On the morning of the 26th January the battalion found the Japanese had landed south of their lines and cut off their withdrawal. An attempt was made to clear the road for the transport but failed. The Brigade Commander sent orders at 5.45pm to destroy the 250 transport vehicles and continue on foot through the jungle. It was to be a long strenuous 18 mile journey which on the top of the five days of fighting took its toll.

The biggest part of the battalion, 500 in total, kept together under Maj. Wood and reached Benet on the coastal road on the evening of the 27th.

Capt. H.E.Schulman led a party to the coast and were evacuated by the Royal Navy. The men left behind to blow the bridge at Senggarang were cut off from the main party but with the C.O. they successfully made their way to the coast and escaped in a canoe.

The following day, 28th January, the battalion was taken to Serangoon Road Camp on Singapore Island and all allied troops were ordered to fall back to Singapore.


1942/02/15 - Singapore surrendered to the Japanese.


1942/04/18 - WO 417/42, Casualty List No. 801. Missing

1943/06/22 - WO 417/62, Casualty List No 1167. Previously reported on Casualty List No 801 as Missing now reported Prisoner of War.


Japanese PoW

1942/02/15 - Captured Singapore

PoW No. M-1873

1942/10/15 to Singapore

New PoW No. II 10899

Japanese Index Card - Side One


Japanese Index Card - Side Two


1043/03/19 - Overland to Thailand in ‘D’ Party

New PoW No. II 44579

From Thailand -Burma Railway Transported back to Singapore and then onto Japan - Transport unknown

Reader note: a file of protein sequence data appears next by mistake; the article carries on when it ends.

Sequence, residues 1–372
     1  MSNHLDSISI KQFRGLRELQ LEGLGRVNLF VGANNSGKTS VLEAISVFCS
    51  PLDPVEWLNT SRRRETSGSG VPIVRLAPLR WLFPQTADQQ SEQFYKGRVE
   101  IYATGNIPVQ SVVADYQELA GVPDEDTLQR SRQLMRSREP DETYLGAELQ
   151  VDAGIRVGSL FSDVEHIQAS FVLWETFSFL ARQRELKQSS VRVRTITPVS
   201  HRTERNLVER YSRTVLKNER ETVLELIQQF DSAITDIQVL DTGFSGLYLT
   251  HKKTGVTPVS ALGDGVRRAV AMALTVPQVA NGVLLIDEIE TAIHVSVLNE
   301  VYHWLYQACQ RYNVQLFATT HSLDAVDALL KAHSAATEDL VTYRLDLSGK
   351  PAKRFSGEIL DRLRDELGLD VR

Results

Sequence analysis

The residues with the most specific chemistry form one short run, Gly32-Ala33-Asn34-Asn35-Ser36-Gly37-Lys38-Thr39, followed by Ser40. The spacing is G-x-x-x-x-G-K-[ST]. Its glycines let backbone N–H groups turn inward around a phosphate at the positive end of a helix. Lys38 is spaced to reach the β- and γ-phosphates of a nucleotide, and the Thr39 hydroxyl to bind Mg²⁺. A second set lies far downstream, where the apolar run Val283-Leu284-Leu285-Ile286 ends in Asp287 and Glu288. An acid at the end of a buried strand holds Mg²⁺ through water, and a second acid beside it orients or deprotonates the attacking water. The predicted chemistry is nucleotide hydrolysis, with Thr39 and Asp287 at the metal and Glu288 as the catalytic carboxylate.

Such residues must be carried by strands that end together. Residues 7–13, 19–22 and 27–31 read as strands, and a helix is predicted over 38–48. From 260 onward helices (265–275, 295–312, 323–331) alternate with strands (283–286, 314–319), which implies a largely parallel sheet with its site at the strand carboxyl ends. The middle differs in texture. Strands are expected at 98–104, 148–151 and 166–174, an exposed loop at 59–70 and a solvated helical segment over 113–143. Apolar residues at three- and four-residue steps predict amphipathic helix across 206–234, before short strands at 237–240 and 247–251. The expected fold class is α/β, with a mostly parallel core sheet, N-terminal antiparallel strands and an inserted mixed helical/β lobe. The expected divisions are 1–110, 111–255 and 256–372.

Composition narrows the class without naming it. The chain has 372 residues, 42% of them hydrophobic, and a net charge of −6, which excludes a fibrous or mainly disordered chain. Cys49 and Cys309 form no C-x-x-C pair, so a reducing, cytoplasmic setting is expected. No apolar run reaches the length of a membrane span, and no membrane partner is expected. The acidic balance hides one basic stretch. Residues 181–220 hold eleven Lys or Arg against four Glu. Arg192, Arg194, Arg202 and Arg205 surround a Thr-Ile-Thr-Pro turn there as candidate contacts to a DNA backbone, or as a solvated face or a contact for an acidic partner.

Osaka 1B - Chikko

PoW No. 10899

Osaka 1B - Chikko-tn

Osaka 1B - Chikko B-tn

Osaka 1B - Chikko Camp Map

Work was on the docks, loading and unloading ships.

Starting Work 0800

Lunch 1200-1300

Finish Work 1600

A sample of rations:-

Breakfast Rice and Soup

Lunch (Carried by PoWs to work)

Rice, sometimes bread, seaweed.

Dinner Rice and Soup, fish every 10 days, meat once or twice a month: vegetables (one kind each night) onions, potatoes, radish, cabbage or eggplant.


1945/06/01 - Camp was destroyed by Bombing Raid

PoWs moved to Tsumori Camp but unsafe so moved to Kitoa-Fukuzaka. All three camps were on Osaka Waterfront.


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1945/07/10 - Name changed to Osaka 1B - Minota -Ku

1945/09/08 - Liberated Osaka 1B, Japan



USS Admiral C. F. Hughes

USS Admiral Hughes With Repatriated PoWs

Embarkation No. 1064

1945/09/25 - Departed Manila, Philippines

Via Esquimalt, British Columbia

1945/10/09 - Arrived Victoria, Canada and Seattle

Queen Elizabeth to Southampton


1945/11/17 - WO417/99, Casualty List No. 1913. Previously reported on Casualty List No. 1167 as Prisoner of War now Not Prisoner of War. Previous Theatre of War, Malaya.



Linda Wymer - Daughter

Mike Heather

Keith Andrews

Matt Stanyard

Glenda Godfrey

Roger Mansell’s Site

Japanese Transports

KEW Files:- WO 367/3, WO 392/26, WO 345/47, WO 361/2005, WO 361/1964, WO 361/1963, WO 361/1558, WO 361/2167, WO 361/2167, WO 361/2178,  WO 361/2070, WO 361/2064,


''Our Thanks are for being a Chapter in Life.''